CNN broke out the pom-poms on Monday and cheered the Republicans who reneged on Grover Norquist's no-tax hike pledge. CNN contributor John Avlon lauded them as "profiles in courage."
Avlon quipped that now "people don't fear the Grover. And that's a good thing, you know." Anchor Carol Costello clearly liked the GOP mutiny, asking "how excited should we really be by all of this talk of throwing Grover Norquist under the bust [sic]?"
"Look, that's why these two stands are profiles in courage," Avlon said of Sens. Lindsey Graham (R-S.C.) and Saxby Chambliss (R-Ga.) who considered abandoning the tax pledge. "It requires standing up for what you think is right, and putting the special interests and the potential short-term electoral consequences aside."
"We just need to disenthrall ourselves from these extreme voices who've choked off reasonable debate in Washington," Avlon continued.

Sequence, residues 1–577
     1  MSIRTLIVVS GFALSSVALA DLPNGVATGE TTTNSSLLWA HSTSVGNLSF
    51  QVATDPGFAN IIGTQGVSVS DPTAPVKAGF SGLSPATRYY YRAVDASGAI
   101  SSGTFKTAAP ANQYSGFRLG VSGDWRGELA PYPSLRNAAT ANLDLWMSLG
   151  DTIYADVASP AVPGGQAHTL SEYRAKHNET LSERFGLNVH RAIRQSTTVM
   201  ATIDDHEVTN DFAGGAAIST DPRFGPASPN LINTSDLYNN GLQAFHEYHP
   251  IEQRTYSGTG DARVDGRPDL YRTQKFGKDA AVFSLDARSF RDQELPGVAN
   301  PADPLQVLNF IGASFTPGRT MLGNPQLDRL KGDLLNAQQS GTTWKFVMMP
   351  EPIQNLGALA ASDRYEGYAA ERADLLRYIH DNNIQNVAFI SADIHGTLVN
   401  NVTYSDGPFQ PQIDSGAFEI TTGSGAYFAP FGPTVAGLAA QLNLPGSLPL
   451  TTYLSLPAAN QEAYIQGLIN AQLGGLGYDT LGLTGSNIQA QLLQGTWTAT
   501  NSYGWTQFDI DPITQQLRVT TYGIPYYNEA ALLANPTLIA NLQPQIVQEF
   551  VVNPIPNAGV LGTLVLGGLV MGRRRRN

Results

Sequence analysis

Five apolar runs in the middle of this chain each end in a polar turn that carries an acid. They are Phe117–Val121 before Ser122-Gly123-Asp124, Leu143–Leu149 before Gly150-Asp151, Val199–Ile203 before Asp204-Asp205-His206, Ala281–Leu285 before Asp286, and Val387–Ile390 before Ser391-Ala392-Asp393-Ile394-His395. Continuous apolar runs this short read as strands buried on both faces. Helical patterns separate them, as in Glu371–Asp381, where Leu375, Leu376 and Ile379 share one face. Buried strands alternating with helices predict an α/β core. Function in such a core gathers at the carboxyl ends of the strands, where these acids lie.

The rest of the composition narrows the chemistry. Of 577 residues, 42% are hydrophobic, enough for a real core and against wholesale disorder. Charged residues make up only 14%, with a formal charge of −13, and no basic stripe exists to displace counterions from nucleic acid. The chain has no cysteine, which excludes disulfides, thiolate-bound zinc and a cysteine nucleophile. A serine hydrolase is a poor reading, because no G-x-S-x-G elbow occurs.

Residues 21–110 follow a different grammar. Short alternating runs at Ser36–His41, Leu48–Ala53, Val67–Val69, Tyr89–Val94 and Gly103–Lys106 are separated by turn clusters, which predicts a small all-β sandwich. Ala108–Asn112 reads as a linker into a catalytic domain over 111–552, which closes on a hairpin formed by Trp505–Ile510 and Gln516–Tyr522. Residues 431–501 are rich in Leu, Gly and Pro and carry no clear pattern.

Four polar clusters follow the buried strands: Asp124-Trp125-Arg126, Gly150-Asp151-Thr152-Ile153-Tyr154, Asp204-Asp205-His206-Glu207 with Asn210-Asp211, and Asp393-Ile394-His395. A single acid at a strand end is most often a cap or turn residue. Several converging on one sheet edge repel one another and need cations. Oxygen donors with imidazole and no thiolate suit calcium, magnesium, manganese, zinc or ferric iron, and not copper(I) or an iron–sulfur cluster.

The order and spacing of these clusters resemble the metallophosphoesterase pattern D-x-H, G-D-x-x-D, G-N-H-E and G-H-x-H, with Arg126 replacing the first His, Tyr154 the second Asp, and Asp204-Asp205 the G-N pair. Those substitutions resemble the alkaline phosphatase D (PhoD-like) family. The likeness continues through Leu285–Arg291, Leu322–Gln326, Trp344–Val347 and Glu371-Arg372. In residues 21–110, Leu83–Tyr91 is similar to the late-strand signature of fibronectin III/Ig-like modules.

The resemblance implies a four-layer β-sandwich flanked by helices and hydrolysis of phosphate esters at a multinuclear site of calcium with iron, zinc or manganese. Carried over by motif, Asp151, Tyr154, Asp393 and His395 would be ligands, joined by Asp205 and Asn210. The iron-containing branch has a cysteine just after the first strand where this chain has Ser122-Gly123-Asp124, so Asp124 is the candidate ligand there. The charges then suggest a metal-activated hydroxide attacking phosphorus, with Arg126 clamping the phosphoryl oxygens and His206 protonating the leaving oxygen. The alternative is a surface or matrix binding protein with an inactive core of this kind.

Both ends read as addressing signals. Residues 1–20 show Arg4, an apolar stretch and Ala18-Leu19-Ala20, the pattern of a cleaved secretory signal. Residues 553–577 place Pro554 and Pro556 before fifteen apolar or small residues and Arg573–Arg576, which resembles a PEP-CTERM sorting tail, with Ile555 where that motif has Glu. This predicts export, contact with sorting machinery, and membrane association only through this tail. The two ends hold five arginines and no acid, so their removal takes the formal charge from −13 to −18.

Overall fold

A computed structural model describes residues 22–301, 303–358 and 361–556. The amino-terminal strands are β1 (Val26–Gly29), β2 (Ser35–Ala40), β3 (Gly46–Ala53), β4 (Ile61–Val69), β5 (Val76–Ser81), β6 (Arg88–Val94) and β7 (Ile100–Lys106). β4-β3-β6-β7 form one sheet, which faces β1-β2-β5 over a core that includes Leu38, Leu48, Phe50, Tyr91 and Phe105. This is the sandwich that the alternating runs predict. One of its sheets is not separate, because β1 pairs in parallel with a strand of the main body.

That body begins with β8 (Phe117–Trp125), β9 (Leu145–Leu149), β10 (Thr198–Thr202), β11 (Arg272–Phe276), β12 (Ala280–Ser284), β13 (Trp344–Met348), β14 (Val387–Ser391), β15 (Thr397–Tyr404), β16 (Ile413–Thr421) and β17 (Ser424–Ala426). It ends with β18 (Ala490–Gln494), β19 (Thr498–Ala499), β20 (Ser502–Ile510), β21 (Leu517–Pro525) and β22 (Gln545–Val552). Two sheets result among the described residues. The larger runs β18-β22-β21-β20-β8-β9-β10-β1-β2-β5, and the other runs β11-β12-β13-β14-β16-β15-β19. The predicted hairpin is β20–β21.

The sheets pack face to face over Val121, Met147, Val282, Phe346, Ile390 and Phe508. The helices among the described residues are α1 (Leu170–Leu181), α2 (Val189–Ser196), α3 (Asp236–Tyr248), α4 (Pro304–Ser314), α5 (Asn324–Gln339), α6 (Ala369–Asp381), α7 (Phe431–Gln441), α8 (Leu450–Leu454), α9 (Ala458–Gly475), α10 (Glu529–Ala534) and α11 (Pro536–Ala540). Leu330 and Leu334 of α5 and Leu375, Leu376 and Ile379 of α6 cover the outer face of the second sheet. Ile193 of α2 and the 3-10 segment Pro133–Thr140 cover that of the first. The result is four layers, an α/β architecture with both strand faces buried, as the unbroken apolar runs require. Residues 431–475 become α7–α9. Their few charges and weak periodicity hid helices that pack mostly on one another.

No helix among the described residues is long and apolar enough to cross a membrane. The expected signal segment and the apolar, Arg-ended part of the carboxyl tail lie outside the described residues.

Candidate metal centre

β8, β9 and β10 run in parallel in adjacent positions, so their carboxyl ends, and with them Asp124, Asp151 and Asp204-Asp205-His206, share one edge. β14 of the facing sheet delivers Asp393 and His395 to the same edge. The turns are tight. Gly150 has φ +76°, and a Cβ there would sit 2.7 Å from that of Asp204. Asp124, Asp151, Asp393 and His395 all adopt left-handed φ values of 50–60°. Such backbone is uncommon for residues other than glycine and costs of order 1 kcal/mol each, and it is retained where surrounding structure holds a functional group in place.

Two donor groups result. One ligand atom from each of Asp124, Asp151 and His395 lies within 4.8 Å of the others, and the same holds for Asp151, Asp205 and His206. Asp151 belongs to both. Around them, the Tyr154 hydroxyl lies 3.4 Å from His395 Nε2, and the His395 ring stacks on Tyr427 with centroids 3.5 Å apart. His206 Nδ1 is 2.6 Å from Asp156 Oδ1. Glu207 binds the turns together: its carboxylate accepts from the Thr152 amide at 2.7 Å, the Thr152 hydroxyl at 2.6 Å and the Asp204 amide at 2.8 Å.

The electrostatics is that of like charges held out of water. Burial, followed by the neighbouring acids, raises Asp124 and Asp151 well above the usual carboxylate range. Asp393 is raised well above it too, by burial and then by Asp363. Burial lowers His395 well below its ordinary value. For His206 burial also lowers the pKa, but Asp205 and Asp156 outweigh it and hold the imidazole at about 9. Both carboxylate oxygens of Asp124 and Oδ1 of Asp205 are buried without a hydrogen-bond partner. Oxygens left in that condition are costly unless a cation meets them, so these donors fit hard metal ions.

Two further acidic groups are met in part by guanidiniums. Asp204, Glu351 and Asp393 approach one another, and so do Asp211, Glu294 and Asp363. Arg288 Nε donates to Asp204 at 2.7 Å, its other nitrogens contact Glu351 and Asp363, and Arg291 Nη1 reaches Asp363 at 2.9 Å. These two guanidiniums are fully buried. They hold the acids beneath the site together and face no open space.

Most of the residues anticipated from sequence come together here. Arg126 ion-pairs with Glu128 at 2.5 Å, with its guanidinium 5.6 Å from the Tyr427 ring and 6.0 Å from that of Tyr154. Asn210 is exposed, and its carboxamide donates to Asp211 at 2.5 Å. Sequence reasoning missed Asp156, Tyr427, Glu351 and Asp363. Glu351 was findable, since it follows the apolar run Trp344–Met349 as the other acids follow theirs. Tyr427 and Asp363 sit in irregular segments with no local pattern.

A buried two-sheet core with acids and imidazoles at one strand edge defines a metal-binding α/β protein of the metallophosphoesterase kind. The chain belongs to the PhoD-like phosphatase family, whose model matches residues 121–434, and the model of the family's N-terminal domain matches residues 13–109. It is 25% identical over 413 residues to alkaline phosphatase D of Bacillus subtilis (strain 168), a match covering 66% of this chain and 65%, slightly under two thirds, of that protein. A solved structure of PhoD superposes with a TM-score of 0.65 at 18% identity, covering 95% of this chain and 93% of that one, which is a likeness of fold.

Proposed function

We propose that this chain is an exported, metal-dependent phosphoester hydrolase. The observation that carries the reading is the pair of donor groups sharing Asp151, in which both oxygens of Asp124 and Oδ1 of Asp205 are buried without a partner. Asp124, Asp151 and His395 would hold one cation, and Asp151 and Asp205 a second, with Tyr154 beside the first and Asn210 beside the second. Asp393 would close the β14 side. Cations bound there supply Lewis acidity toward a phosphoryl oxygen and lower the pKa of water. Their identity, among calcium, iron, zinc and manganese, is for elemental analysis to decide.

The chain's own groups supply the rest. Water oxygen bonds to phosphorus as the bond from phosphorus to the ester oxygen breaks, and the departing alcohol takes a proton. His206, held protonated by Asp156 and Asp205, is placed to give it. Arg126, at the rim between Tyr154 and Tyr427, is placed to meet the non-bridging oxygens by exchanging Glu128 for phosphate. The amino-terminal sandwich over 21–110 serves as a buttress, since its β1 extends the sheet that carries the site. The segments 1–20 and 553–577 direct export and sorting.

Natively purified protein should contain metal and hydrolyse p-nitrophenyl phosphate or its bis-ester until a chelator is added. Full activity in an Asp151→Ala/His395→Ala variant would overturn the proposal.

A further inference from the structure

"Come on, Congress, make a great mud pie. You can do it," Costello cheered for compromise. Many Republicans have still not abandoned the tax pledge, but CNN is already taking sides in favor of compromise.
Conservative guest Will Cain was taken aback by Costello's advocacy. "Is it something to get excited about?" he asked. At CNN it is, apparently.
"But not many House members are running to the microphones to renounce Grover Norquist's tax pledge. And isn't that where we're going to have the most trouble, Will?" Costello asked. So congressmen sticking by the pledge means "trouble"?
Near the end of the 10 a.m. hour of Newsroom, CNN talked with negotiation experts and even showed children at a playground who had to learn to work together. "So if they can do it," noted correspondent Kyung Lah, "maybe the political playground can do it, too."
A transcript of the segments, which aired on November 26, are as follows:
[9:29 a.m. EST]
CAROL COSTELLO, CNN anchor: More than one Democrat is tempted to do the happy dance over some Republicans' renunciation of Grover Norquist's no tax pledge. One of the latest is Republican Representative Peter King.